If you were to use a private app, you would probably be just inserting liquid code on the shop to make callbacks to your backend app which actually possesses the credentials. This isn't very scalable if you want to be able to go past several installs though, since you'd have to create a private app on each shop (or you'd have to instruct the merchant to).

 

I'm not incredibly familiar with Azure but can't you control CORS or frame options rules on the web app itself? Or does Azure override these rules?

 

An app proxy would do the trick if you're ok with how and where it ends up living on the storefront, I can't help too much with your frame options issue though. That's dictated by the server (or I guess maybe Azure?). As you observed, you would indeed need to be a public app. Public apps, make requests with an access token that they acquire via the oauth flow. This is not the same as private apps, which authenticate with just their api key and secret.

 

I hope that clarifies some things but let me know if I can expand on anything a bit more.

 

Cheers.

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Shopify Partner
12 0 6

Hi @Alex,

 

I shall kindly take you up on your offer for more explanation as this is all starting to fall into place...and it's making me giddy...

 

 

Private apps are essentially just a set of API credentials, there's no concept of embedding one of those to be more specific.

Private apps have a username and password and the the StoreFront token (the latter I understand).  I have struggling to understand why there is a username and password designed to work in a url - surely to pass the username/password as a URL which can be network sniffed is no security at all - how is this any different from a using a public key?  How would someone typically use the username/password here?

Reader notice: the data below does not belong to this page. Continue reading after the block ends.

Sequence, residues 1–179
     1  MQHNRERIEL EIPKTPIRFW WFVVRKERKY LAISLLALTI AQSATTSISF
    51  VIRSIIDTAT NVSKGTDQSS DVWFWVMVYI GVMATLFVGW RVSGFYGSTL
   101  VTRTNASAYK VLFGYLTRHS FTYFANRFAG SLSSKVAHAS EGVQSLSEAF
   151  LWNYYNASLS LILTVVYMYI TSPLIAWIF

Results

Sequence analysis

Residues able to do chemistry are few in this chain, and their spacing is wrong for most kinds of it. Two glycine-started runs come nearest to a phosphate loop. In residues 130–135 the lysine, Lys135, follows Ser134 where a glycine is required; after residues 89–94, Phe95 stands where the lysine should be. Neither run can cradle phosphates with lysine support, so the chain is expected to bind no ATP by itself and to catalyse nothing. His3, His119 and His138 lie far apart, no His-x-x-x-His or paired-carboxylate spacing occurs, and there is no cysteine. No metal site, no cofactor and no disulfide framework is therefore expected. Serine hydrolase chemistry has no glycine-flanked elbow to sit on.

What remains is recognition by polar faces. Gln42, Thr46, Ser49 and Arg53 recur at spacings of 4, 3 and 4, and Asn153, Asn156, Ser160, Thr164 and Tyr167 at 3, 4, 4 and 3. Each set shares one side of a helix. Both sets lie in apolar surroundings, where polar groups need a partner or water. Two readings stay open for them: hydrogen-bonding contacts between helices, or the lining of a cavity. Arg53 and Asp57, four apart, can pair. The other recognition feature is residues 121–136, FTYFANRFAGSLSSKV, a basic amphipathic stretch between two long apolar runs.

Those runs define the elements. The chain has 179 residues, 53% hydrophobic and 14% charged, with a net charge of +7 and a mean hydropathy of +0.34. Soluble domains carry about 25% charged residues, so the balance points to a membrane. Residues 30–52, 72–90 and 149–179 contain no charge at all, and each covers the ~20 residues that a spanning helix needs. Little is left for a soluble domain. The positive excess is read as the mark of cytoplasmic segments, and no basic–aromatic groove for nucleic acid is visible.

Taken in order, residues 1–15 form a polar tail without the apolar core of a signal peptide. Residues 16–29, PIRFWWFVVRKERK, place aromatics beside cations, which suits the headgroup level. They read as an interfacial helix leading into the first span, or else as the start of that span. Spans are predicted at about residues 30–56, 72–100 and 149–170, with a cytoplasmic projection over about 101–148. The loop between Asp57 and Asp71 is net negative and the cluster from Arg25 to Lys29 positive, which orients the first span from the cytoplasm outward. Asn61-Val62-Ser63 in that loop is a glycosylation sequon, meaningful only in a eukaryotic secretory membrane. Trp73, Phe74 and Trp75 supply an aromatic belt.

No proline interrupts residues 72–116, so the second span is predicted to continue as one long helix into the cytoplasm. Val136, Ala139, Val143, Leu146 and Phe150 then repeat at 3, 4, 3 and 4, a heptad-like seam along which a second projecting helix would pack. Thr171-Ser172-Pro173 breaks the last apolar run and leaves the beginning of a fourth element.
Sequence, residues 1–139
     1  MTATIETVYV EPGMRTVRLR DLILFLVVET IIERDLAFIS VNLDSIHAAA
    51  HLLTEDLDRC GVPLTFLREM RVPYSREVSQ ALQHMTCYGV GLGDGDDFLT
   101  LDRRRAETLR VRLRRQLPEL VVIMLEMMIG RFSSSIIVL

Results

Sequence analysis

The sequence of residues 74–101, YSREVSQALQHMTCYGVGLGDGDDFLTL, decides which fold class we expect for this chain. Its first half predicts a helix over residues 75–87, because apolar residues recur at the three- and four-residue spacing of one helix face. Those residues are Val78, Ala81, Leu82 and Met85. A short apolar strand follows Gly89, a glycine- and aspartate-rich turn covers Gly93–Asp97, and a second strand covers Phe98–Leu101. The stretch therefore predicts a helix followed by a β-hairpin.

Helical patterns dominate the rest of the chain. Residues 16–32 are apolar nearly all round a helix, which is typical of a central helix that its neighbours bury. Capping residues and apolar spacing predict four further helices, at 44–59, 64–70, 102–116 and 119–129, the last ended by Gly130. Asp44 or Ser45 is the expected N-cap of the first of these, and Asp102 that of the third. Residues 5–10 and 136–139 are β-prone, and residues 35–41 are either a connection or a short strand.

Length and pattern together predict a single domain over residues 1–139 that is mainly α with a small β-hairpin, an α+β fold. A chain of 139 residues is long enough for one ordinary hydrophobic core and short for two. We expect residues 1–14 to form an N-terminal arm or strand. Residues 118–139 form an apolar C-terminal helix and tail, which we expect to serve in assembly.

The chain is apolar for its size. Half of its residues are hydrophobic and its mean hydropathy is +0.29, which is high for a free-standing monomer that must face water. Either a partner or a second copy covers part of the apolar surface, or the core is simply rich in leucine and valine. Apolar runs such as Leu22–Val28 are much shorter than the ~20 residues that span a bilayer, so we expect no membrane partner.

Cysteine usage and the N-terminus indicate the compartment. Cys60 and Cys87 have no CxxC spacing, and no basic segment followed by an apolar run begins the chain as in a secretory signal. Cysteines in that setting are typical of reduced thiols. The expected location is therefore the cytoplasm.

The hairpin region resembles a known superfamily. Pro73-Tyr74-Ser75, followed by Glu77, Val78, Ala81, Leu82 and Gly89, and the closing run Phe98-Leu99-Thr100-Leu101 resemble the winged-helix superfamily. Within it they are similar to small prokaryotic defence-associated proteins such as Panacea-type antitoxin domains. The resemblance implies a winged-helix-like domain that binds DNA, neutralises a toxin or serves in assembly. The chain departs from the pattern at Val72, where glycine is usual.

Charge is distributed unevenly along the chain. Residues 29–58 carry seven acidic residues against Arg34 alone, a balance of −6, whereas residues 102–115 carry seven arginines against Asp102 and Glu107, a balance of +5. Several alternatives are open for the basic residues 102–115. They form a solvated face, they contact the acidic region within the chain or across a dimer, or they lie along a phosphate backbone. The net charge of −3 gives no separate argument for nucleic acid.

Public apps (published or unpublished) can be embedded in either the admin or on the storefront via an app proxy. 

Sounds good but I thought app proxy was to embed external code e.g. HTML - why is app proxy used to embed an public app installed on store?

 

(I've still to try public app so it may be my lack of experience here and this may be just be how it is done)

 

 

If you were to use a private app, you would probably be just inserting liquid code on the shop to make callbacks to your backend app which actually possesses the credentials. 
This isn't very scalable if you want to be able to go past several installs though, since you'd have to create a private app on each shop (or you'd have to instruct the merchant to).

If the liquid code can contain a private app's credentials - that would make it visible to the user if they inspect the HTML.  Probably similar to the question above but how is this secure?  I'm not sure how I could make use of the credentials without exposing it - will have to give that some thought.